After attending a meeting in Sydney’s CBD, I headed home by train to Artarmon. After I got off the train, I realised that I had left my wallet on the seat. As it had my driver’s licence, bank cards, cash, office keys and business cards, I was somewhat disappointed and frustrated at my stupidity. ‘Never mind’, I reasoned, ‘Sydney is an honest place – my wallet is really of no use to anyone – apart from the cash.. someone will hand it in”. So, the next day I cancelled my cards and reported the missing wallet to NSW trains and the police. I contemplated how much I would reward the person who handed it in – and waited. Two weeks later I’m still waiting. I had had a similar experience in Dundee (twice!) and both times the wallet was handed in. Sydney loses out in the honesty stakes.

Some years ago, Readers Digest did a ‘lost wallet’ test where they dropped 12 wallets in 16 cities throughout the world. The city that came out top was Helsinki where 11 out of 12 wallets were returned. “Of course we returned the wallet”, said an elderly couple, ‘honesty is an inner conviction.” I was reminded of this when I read this BBC story ‘Why Finnish People Tell the Truth’ –

The article argues that being honest is a characteristic of Finnish culture. In an era where phrases like ‘post-truth’ and ‘fake news’ are now common parlance, it’s worth our while to ask why this is the case.

As regards Finland there are different reasons. One is their history. Having been a country dominated by Russia and Sweden for centuries, once the Finns got independence, they wanted to mark themselves out as different. They were honest and hardworking, unlike the perceived image of their neighbours. A couple of decades ago there was a problem with football fans in the UK because of hooliganism, drunkenness and violence. The English were particularly infamous for this, but the Scottish fans were not exempt. I remember one incident where some young Scottish fans were threatening to go on a violent rampage…and an older man shouted at them..” Stop it you idiots! What do you think we are? English?!”. The very threat of being considered like the English was enough to make them behave! Reputation is a reason.

But, amazingly for the BBC, they point out that there was another more important reason – and that is Finnish Protestantism, which came in the form of the Finnish State Lutheran church. This evangelical church highlighted the importance of education, moral character and self-reflection – as well as living in community. Personal honesty and social trust go together. These are all biblical principles.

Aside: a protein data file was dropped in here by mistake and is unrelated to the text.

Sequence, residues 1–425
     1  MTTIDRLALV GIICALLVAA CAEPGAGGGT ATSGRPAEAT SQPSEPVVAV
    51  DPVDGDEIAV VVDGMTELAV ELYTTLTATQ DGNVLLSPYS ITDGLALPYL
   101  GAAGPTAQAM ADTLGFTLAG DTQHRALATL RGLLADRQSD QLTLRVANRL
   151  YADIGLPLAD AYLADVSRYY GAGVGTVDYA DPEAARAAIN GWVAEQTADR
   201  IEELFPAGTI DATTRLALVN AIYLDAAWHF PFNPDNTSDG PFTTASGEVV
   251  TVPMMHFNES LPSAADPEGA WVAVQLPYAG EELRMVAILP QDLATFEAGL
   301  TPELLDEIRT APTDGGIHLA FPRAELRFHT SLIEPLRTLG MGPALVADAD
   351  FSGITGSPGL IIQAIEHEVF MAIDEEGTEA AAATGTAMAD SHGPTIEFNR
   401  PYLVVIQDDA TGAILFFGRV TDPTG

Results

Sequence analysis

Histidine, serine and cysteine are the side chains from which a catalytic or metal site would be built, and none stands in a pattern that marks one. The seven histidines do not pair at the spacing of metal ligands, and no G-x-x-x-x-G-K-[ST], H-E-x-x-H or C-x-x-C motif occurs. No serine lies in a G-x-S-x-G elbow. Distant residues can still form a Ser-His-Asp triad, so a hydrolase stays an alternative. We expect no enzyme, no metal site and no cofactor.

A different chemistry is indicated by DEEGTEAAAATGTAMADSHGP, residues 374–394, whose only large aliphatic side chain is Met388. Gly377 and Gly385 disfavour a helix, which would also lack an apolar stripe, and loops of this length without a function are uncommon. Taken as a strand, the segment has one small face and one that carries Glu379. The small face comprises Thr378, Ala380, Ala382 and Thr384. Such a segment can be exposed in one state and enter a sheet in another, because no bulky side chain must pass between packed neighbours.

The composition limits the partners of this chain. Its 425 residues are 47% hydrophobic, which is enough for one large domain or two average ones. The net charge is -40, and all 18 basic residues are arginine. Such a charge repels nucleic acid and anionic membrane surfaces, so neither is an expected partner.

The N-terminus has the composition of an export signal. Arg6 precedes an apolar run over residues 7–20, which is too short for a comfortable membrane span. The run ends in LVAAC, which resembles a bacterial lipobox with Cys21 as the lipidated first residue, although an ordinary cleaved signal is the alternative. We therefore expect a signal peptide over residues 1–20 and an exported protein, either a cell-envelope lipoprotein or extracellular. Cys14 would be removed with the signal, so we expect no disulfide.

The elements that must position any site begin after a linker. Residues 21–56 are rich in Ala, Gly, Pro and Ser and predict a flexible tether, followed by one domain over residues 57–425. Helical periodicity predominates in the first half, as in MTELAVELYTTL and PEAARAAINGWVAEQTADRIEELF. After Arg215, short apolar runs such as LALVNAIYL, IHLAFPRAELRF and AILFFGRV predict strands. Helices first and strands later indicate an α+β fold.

Vishal Mangalwadi in his The Book that Made your World talks about why Indians didn’t make ice cream, but the Dutch did. He describes how he went with a Dutch friend in the Netherlands to get some milk from a farm. The farmer was not in, so his friend put some money in a basket, took the change that was there and left with the milk. Vishal was astounded because in his culture both the money and the milk would have been taken as there was no one around to see. There is a chain of consequences that follow from this:

If this were India and I walked out with the money and the milk, the dairy owner would need to hire a cashier. Who would pay for the cashier? I, the consumer, would; and the price of milk would go up. But if the consumer were corrupt, why should the dairy owner be honest? He would add water to the milk to make more money. I would then be paying more for adulterated milk. I would complain, “The milk is adulterated; the government must appoint inspectors.”

Who would pay for the inspectors? I, the taxpayer, would. But if the consumer, producer, and the supplier were corrupt, why should the inspectors be honest? They would extract bribes from the supplier. If he did not bribe them, the inspectors would delay the supply and ensure that the milk curdled before it got to me.

Who would pay for the bribe? Again, I, the consumer, would pay the additional cost. By the time I paid for the milk, cashier, the water, inspector, and the bribe, I would have a little money left to buy chocolate for the milk – so my children would not drink the milk and would be weaker than the Dutch children. Having spent extra money on the milk, I would not be able to take my children out for ice cream. The cashier, water, bribe, and inspector add no value to the milk. The ice cream industry does. My corruption keeps me from patronizing a value adding business. That reduces our economy’s capacity to create jobs.”

The person who picked up my wallet and kept it, doubtless thought he was doing little harm. This was a gift: ‘you snooze, you lose…tough luck.” No one would see and therefore it was not stealing. What such people don’t realise is that their attitude and behaviour harms not only the ‘victim’ but themselves, and indeed the whole of society. To live in an honest society where people look out for one another is far better than to live in a dishonest and corrupt society where people exploit one another. Australia was largely founded on a Christian ethic. If we continue to cast away our Christian roots, we will inevitably lose the fruits. We will move from a society where people know that they cannot get away from the eye and judgement of God, and where ‘love your neighbour’ is a foundational principle; to a ‘dog eat dog’ society where if we don’t get caught it’s fine, and where a lost wallet on a train is seen as a gift, not an obligation.

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